Football players and their medical cover is somewhat a mystery to the football fans out there. We all know that, before a player signs for any club they have to undergo a medical. We hear a lot on the news that a deal has been done, subject to a medical, but actually happens in a medical? Confidentiality means it difficult to get an idea about medical exams, but it is known that the players undergo a number of medical tests to discover if they have any accruing injuries that can decline their ability. It’s a very important part of a signing and can determine whether the transfer is completed or not. If a player is to pass a medical exam what happens to them if they were to get injured later on in their career? Do they need health cards or are they already insured by their club?
Clubs insure their players against injury (if they can afford it)
Footballers have no need for a health card such as an EHIC card because they’re usually insured by their club. If they were to get injured then their club doctors usually would tend to their injuries/illness. Now days, the top flight clubs earn enough money to employ private doctors, physios and professional equipment to care for the top stars. To ensure that their highest paid players get the best treatment on offer, they will build a team of doctors so if they were to encounter any injuries, they’ll be able to get them back and playing in quick succession.
Types of coverages those insurances provide vary just like any other insurance policy. There are certain insurances that would pay compensation which involves player’s salary for the rest of his contract in case of a career ending injury, insurances that would pay player’s salary for duration of injury and so on. In addition to this, the FA also offers some sort of insurance, FA pay compensation to clubs if any of the players would get injured on international duty. However this compensation is only considered by club/FA based on factors like prior injury records, fitness of players before reporting to the national squad, extent of lay off due to injury, depreciation of a players contact etc.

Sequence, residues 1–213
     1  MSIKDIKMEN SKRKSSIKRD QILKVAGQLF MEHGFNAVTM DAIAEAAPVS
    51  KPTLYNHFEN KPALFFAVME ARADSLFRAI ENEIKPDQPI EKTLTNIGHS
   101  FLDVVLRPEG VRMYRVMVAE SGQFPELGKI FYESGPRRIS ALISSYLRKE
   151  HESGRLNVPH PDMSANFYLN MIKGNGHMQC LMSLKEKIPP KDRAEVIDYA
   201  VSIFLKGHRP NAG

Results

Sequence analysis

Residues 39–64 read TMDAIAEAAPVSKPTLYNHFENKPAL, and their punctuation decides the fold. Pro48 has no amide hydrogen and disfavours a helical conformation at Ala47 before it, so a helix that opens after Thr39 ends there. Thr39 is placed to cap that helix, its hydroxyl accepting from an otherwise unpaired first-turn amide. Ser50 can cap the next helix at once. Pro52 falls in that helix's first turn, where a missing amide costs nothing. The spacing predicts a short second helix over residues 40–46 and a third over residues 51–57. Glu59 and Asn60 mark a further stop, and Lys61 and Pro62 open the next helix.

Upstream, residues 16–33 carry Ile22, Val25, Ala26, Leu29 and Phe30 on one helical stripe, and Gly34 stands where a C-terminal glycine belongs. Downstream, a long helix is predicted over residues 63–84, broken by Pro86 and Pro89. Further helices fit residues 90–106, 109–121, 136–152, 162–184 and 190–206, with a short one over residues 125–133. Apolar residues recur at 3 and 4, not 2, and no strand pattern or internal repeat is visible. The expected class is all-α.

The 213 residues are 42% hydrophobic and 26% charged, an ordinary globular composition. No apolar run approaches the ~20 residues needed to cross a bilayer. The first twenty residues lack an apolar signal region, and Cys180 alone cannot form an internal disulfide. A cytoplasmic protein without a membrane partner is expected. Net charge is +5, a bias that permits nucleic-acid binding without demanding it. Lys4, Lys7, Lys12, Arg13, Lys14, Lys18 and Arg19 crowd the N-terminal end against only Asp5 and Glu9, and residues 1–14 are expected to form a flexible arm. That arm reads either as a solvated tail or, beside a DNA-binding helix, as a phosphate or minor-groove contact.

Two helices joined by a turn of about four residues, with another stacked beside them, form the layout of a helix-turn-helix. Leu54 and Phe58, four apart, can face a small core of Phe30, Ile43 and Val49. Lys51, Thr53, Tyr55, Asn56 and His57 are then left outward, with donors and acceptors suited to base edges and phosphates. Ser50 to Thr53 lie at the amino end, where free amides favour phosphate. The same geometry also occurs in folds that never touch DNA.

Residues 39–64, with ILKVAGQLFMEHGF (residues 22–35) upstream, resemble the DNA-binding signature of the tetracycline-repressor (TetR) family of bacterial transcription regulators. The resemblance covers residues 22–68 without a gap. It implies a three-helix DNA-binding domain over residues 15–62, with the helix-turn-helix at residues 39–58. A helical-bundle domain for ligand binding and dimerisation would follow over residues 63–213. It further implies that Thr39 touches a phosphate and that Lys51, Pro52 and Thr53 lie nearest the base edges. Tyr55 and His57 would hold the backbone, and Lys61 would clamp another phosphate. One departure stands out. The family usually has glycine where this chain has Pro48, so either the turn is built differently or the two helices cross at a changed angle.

With all of this being said, it is known that some players will have their own PHI (personal health insurance) and this will be common with clubs that aren’t in the top flight. Lower tier clubs won’t able to afford the health insurance that clubs like Chelsea or Arsenal may offer, so they will take out their own insurance to cover themselves. This may work in the same way as the clubs insurance just not as efficient, yet most professional clubs will have a team insurance and have their own physios etc. So back to the original question, do football players need health cards when playing in Europe? No they don’t, because most professional football clubs already have their own health insurance, Health cards won’t be needed because they’re already covered with their club, but that doesn’t mean you shouldn’t get on!